This is part four in our Arizona lien law series:
- Bad Checks and Credit Card Chargebacks – How to Deal with Them in the Context of Construction Debts
Recap of Previous Parts in Series
The first article in this series is Arizona Preliminary 20-Day Notices, Lien, and Bond Claim Refresher (with Pro-Tips), and in that article the various remedies available to those in the construction world in the event of nonpayment in Arizona was discussed. The fact that lien and bond claims are two of the most effective remedies available were discussed as well as the importance of serving 20-Day Notices in Arizona.
If anything is taken from these articles, it is extremely important to understand the need to take away the importance of serving 20-Day Notices.
The contents and time frames associated with serving the 20-Day Notice and mechanic's liens were also discussed. The limits on those, the time for recording, and the time for suing on liens were mentioned. Finally, Miller Act bond claims were touched upon.
The second article is What Happens After I Record My Mechanic’s Lien in Arizona? How Do I Get Paid? Serving liens, lien discharge bonds, time frames, and details of suing to foreclose on a lien in Arizona were discussed.
Lastly, recording a Lis pendens was discussed and how it is necessary when you sue to foreclose on a mechanic’s lien.
The previous article, which is part three, is Lien Waivers in Arizona – Be Careful What You Sign. Lien waivers in Arizona, how they are a creature of statute, and how in order to be effective they must substantially comply with the statutory forms. We talked about the four types of lien waivers – the conditional progress waiver, the unconditional progress waiver, the conditional final waiver, and the unconditional final waiver.
The article ended with a list of do’s and don’ts relating to lien waivers, the most important of which is not to sign an unconditional waiver whether progress or final, unless the corresponding payment has been made, and it has cleared.
Avoid Getting Burned Twice by a Bad Check or Credit Card Chargeback
It is bad enough when you receive notification from your bank that a check you receive from a customer or client has bounced.
a. Don’t sign unconditional lien waiver unless corresponding payment clears
That situation can be infinitely worse if you also come to realize that you have inadvertently waived potential claims to recover the sums due that relate to that check beforehand. And that can happen if you sign an unconditional lien waiver.
This could be either at the time you receive a check or after you receive a check, but before that check has cleared.
That leads to the most important rule to avoid getting burned twice by a bad check or a credit card chargeback. That is to never sign an unconditional waiver of lien whether it is a progress or final waiver unless and until it is confirmed that the corresponding payment has cleared.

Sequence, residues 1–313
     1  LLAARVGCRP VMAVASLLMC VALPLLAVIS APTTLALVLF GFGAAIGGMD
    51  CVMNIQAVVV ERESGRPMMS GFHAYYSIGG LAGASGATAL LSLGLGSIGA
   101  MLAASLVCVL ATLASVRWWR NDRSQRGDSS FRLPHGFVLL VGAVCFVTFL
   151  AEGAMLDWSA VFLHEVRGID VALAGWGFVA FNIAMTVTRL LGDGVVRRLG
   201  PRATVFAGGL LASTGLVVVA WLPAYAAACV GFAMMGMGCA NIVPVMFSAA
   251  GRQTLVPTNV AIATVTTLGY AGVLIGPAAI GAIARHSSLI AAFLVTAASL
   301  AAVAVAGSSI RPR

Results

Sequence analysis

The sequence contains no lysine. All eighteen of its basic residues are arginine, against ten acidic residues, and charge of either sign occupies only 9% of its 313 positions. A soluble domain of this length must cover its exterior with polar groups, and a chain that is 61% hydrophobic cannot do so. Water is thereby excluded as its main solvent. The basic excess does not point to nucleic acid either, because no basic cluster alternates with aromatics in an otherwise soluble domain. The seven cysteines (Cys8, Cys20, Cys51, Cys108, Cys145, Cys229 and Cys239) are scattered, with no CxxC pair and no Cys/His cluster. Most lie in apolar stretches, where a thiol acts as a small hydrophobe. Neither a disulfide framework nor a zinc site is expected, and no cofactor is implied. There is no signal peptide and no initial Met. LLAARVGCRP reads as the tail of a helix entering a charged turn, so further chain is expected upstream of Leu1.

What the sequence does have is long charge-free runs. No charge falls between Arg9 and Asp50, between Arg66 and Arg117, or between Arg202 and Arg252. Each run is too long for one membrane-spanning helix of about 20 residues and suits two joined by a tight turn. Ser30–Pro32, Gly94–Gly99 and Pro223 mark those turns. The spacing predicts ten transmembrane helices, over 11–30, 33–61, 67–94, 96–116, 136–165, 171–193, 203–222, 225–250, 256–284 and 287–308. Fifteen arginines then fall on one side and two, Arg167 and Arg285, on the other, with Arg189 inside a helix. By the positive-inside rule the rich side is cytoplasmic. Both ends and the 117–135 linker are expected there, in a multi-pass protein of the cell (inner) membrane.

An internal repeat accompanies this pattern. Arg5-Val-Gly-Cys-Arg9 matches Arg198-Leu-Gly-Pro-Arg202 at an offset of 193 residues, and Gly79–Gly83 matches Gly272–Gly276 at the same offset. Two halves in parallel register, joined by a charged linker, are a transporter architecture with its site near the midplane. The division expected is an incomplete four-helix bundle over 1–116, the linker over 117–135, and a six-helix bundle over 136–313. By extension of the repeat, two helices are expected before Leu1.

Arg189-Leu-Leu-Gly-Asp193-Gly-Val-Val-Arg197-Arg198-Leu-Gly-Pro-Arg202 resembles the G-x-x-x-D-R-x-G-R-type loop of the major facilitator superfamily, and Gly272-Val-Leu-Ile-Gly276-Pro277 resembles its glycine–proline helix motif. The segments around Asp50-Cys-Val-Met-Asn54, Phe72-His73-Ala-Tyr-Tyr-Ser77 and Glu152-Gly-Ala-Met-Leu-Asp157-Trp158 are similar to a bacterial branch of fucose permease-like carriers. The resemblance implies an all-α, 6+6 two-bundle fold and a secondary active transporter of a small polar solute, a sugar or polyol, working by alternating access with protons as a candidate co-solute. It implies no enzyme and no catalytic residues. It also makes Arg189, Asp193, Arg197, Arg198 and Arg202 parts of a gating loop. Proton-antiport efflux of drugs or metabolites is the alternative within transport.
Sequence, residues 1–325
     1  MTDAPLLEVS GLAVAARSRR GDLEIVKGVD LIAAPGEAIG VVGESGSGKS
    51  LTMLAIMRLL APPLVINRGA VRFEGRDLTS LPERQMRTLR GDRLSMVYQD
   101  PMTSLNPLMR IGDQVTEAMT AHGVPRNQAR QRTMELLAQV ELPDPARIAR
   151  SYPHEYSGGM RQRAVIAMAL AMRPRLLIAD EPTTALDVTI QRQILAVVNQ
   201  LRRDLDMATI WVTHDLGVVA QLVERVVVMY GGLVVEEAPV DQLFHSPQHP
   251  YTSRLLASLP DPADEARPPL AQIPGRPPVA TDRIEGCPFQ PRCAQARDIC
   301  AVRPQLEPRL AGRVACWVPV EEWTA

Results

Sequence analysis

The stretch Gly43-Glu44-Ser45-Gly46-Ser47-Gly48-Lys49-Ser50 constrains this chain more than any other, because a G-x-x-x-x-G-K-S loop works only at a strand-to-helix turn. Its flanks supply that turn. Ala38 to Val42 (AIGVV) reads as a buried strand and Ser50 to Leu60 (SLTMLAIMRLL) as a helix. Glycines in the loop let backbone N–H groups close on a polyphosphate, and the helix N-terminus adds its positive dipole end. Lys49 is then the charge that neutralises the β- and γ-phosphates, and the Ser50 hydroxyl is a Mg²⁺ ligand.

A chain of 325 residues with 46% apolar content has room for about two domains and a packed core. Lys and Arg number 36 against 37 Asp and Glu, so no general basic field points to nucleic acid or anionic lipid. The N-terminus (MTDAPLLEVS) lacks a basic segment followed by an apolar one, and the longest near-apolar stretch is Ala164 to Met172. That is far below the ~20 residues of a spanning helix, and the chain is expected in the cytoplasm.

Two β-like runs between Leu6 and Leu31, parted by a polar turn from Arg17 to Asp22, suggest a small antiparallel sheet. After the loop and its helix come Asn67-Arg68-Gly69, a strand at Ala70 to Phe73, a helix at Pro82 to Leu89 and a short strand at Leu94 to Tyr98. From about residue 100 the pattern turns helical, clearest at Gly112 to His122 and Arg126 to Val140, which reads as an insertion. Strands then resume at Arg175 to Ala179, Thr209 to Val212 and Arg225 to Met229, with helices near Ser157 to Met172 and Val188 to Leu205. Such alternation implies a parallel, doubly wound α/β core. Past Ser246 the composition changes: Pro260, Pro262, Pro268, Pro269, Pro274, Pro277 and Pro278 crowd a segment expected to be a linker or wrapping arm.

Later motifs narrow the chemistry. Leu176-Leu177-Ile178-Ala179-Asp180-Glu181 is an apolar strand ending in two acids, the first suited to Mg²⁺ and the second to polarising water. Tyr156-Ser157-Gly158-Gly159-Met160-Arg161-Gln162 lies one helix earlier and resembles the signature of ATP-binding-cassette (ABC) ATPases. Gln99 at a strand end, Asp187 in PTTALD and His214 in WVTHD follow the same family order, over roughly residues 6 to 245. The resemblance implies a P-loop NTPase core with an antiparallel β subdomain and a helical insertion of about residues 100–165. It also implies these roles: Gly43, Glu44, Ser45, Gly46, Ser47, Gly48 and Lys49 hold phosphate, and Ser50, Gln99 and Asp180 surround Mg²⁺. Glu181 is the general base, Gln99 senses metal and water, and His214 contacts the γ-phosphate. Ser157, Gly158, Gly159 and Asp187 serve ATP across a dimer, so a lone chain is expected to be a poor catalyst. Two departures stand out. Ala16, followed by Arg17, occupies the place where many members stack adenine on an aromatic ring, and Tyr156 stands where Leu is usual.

The reason why not signing an unconditional waiver until payment clears is so important, is because the unconditional waiver contains very broad waiver and release language. Below are some pertinent portions of that.
b. Unconditional Waiver and Release on Progress Payment
Here is a sample Unconditional Waiver and Release on Progress Payment form:
The first paragraph has very broad waiver language. And further down is the notice, which is required to be in all unconditional waivers in Arizona.
c. What happens when you sign unconditional waiver immediately before payment clears
In the situation that happens all too often in the construction world where a party up the stream in the project, requires you to sign or requests you to sign an unconditional waiver immediately in exchange for receiving a payment, or requires you to return an unconditional waiver shortly after you receive a payment before the check has cleared, if you receive payment, you sign the unconditional waiver you are giving up any claim for payment and any rights to assert a mechanic’s lien, state, or federal statutory bond right, private bond right, and any claim for payment.
You are waiving all of this and if the check bounces, you have waived all of those claims. That will just add insult to injury since you will receive notification that the check bounced and you have to deal with the fees and charged associated with that. But if you sign the waiver, you did not properly sign a conditional waiver, and wait for that check to clear, you have likely given up rights in that situation that could really affect your ability to recover.
You would have a bad check claim in that situation when the check bounces under Arizona bad check statute. However, that can limit the scope of your recovery in terms of the parties you can pursue. Part of the reason that mechanic’s liens and bond claims are so effective is they broaden out the net you can cast in the sources of recovery you have.
d. How to recover payment